Chunky Compote
Chunky CompoteGNU/MarkusHagenlocher

This recipe is dedicated to the memory of my Oma who’s yarzheit is on the eighth day of Hanukkah.

Hanukkah latkes are yummy!  Certainly not the healthiest food, and definitely hard to digest.  Potato latkes are often eaten with a little bit of applesauce on the side.  Believe it or not, that little bit of applesauce actually helps with the digestion of the latke.

Apples contain both malic and tartaric acids which inhibit the growth of unhealthy bacteria in the digestive tract.  Apples also contain pectin which removes cholesterol and helps the liver and the gallbladder to metabolize fat.  Apples, especially green apples are used to soften gallstones in preparation for a gallbladder flush.

The recipe below is from my Oma.  My Oma was born and passed away on the same day, on the eighth day of Hanukkah.  Needless to say that my grandmother was a wonderful cook-and her favorite activity was to feed us!  Her homemade applesauce was one of my favorite foods as a child, and to this day it is my ultimate comfort food.  Her method was to cook the apples whole, and then to puree them using a food mill  Using a food mill, a once common kitchen tool,  simplifies the process and makes the work involved almost nil.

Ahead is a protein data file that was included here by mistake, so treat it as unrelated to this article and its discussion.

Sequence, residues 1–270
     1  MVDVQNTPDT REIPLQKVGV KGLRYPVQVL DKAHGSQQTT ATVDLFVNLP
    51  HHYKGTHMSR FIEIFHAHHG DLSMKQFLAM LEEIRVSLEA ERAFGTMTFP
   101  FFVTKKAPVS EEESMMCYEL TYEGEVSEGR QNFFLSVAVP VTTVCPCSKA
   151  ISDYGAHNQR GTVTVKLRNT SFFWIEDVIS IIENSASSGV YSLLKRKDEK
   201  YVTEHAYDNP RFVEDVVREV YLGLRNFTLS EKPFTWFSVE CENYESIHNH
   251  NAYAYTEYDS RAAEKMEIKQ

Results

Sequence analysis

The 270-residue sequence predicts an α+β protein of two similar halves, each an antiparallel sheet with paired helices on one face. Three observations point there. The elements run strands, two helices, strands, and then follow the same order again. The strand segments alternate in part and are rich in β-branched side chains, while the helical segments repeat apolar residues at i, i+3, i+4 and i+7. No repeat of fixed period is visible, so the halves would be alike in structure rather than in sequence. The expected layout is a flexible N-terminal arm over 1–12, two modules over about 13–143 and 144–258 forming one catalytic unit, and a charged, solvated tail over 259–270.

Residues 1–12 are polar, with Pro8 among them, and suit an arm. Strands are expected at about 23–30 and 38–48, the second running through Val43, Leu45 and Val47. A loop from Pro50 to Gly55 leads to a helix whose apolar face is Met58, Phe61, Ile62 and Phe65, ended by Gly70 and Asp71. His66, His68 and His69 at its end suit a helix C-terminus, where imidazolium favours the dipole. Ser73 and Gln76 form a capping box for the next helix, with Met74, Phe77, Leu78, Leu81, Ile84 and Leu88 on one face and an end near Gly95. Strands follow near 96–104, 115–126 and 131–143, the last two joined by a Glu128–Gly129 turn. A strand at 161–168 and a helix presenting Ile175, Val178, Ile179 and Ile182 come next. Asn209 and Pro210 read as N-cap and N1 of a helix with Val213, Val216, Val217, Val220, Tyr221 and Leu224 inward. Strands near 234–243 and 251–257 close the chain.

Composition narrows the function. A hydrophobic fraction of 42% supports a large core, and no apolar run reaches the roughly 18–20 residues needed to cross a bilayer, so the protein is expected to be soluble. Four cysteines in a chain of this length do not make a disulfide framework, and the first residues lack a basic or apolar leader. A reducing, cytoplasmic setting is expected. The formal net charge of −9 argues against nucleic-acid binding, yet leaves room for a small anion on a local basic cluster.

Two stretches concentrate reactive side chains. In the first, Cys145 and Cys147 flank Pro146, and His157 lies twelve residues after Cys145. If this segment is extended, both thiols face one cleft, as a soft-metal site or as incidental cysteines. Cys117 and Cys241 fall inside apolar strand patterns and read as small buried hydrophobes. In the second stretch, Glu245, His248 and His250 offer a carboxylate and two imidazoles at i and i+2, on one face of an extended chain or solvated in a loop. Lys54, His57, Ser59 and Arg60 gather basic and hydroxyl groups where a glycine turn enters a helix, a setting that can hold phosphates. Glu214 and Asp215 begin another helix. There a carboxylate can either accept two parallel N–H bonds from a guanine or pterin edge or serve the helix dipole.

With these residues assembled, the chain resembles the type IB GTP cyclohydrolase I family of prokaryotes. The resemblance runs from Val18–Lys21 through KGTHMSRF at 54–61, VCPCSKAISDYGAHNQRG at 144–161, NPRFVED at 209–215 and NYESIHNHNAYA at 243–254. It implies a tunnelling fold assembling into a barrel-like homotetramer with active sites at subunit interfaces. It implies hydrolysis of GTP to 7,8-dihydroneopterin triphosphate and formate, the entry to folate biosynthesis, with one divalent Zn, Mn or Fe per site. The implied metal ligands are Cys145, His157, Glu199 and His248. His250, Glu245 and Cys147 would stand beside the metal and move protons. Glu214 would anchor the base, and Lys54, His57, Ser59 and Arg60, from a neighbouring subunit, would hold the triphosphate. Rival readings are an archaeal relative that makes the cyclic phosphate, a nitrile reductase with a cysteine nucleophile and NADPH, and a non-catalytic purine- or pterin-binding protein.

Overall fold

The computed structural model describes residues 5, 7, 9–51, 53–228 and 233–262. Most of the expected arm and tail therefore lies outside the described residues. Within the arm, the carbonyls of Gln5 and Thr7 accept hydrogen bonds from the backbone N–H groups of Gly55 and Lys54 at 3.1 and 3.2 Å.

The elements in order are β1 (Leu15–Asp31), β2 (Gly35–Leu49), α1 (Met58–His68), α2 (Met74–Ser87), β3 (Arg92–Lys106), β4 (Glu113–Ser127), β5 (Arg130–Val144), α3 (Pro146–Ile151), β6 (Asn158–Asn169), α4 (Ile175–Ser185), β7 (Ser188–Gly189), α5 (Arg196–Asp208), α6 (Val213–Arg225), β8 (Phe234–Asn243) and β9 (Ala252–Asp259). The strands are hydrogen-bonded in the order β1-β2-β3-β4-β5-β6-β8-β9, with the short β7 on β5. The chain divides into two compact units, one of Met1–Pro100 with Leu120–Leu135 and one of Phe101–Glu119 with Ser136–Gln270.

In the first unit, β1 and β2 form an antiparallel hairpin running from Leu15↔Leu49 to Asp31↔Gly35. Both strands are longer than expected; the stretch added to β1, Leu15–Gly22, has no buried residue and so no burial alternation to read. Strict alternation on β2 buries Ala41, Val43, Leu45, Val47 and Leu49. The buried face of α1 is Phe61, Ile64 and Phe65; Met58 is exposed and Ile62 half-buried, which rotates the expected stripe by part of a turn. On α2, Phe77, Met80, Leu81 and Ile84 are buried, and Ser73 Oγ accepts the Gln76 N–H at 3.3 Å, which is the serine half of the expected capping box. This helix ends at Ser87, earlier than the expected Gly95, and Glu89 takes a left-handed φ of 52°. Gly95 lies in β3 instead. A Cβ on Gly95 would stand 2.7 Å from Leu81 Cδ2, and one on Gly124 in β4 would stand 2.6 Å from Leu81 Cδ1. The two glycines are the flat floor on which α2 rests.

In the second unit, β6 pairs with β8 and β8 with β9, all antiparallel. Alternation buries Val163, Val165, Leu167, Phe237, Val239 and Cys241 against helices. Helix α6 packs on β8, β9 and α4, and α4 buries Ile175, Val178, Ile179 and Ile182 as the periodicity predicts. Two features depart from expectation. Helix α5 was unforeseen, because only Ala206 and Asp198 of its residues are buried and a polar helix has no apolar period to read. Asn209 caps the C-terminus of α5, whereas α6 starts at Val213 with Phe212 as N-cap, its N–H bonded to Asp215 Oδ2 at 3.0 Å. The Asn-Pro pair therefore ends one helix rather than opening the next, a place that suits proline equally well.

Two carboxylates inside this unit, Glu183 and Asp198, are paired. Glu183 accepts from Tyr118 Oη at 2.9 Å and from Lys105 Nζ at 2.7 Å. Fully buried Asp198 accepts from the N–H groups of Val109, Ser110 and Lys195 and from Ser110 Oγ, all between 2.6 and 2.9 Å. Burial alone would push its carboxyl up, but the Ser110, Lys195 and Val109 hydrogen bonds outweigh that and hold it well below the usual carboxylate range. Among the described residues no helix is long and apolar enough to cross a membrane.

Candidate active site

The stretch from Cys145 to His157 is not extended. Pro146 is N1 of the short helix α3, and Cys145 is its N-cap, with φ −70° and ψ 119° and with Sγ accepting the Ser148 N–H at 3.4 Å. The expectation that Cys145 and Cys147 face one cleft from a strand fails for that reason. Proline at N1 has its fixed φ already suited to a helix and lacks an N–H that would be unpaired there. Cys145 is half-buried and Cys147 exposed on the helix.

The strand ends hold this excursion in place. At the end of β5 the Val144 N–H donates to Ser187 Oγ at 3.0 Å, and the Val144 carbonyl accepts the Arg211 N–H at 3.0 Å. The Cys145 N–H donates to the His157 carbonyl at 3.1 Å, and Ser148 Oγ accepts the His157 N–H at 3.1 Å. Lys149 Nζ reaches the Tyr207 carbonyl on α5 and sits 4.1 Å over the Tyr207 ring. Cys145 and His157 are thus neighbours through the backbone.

Unfortunately, the food mill is no longer common (Williams-Sonoma does sell food mills for the ridiculous price of $150) and this necessitates peeling and coring the apples before cooking them.  While preparing the apples for cooking does require more time and effort, the end result justifies the means.

Tradition holds that being born and passing away on the same day is the sign of someone who is a zadik (a righteous person).  I love that my Oma’s yarzheit is on the last night of Hanukkah, a time when Jews, all over the world are lighting an abundance of candles.  I am comforted in the knowledge that my Oma’s neshama (soul) can be easily drawn by those sparks of light to be with those who might need her.

  1. 10 golden apples
  2. 1/2 cup water
  3. 3/4 cup orange juice (or to taste)
  4. 1/4 tsp cinnamon (optional)

If you own a food mill boil the apples whole, if not then peel and core the apples.  Bring the water to a boil and add the apples. Simmer on a low flame for approximately one hour or until the apples are soft. Remove from the flame,  and either sieve through a food mill or lightly mash with a fork.  Add the orange juice and refrigerate.

Serve cold.

Sima Herzfeld Navon has a clinic for holistic medicine.  She also teaches healthy cooking and nutritional healing.